I was having a coffee with some mates, we were pointing at all the things we can’t stand in our company. This is more a drill since our boss is unable to take action based on our complaints. It’s a way to mitigate our frustration.
Suddenly from the bottom of the room, we heard: “Why are we not using SCRUM? it will resolve all our problems, won’t it?”. After a quick silence, everybody started to discuss if we are using SCRUM yet, why and why not and all this kind of stuff that really bored us.
One of the worst thing SCRUM, and Agile by extension, have brought with them is the idea that practices and rituals can fix your broken culture. From my view, to believe that some processes described in a book are going to solve problems which you can’t fix is a very naive idea. In this particular case is an example that this person has understood nothing.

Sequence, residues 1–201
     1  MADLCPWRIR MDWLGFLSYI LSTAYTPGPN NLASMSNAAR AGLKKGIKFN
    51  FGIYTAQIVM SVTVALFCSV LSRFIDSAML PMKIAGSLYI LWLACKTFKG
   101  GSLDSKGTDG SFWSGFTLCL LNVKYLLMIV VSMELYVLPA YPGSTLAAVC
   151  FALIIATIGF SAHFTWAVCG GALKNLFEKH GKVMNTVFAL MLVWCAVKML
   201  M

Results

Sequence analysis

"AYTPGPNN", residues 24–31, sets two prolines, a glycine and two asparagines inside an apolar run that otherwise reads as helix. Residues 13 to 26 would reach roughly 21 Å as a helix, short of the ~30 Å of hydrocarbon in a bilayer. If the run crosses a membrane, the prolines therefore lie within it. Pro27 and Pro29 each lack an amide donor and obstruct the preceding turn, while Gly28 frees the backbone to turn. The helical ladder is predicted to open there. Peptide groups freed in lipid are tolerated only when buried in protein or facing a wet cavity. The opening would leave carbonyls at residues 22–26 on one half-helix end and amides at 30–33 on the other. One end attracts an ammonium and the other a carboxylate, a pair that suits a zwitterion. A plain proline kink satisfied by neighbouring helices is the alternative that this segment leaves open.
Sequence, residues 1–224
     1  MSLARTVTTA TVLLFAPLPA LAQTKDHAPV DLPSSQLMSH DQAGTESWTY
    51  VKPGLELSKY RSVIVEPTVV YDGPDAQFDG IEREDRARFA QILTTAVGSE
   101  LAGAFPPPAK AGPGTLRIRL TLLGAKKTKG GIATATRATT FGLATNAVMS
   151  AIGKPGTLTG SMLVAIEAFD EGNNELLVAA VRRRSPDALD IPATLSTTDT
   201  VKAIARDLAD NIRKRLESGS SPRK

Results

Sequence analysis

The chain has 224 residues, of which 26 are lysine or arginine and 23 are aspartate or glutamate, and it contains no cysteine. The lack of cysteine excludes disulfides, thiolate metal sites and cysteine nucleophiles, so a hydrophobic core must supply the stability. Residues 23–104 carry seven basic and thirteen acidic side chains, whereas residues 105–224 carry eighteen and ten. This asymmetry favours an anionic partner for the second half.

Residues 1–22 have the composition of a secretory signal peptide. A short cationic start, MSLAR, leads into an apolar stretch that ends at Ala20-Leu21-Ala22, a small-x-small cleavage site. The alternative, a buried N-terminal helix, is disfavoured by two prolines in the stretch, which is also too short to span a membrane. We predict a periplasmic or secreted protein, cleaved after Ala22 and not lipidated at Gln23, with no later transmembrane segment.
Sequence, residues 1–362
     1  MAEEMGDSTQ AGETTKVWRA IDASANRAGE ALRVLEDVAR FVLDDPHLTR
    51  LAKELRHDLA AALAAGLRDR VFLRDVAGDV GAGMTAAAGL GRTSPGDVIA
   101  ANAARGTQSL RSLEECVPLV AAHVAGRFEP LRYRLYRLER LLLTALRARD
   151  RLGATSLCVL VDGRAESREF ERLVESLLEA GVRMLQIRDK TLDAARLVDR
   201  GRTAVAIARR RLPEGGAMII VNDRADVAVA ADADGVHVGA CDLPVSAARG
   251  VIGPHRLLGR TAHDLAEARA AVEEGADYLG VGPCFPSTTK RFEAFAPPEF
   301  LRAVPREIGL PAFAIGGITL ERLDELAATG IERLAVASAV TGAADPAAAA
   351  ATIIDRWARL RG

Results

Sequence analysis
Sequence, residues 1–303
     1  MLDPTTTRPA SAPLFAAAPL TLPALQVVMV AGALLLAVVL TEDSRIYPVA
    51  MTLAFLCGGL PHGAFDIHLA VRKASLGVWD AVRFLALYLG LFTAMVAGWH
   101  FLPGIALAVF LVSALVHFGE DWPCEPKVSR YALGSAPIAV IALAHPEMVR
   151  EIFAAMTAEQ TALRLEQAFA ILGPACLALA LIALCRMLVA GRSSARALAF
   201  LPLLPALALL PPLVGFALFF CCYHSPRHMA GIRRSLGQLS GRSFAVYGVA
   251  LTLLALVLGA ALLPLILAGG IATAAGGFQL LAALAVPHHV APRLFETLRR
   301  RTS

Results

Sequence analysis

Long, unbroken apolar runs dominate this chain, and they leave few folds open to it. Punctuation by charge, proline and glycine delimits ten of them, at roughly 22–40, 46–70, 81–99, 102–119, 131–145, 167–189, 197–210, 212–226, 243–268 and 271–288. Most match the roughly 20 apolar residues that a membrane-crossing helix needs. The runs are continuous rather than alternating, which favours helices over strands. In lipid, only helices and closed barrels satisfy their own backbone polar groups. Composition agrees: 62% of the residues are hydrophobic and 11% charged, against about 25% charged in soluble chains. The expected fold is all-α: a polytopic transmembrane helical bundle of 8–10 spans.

To make SCRUM work you need to build a culture based on confidence in every member of the team, between client and team and business people and team. Before that, you need to build a multidisciplinary team of professionals and again that is not the goal, but it is the vehicle to achieve our goals. Even with a team, even with a trusted relationship, the application of SCRUM can still fail. You have to lay the foundation before you start to build.
The good thing about Agile is it could help you to build these kinds of teams and relationships. You can use the practices and rituals described by the people behind the acronym and get some success but the most important thing is to interiorize the agile principles and to understand the gist of these practices and rituals, in this way you will be able to adapt them to your context.
In this industry, there aren’t silver bullets nor shortcuts and you will have to deal with other people.
“It’s much easier to convince the processor to do what I want than some people.” Marko Poutiainen
Note: the title of this post is a rephrase of this tweet.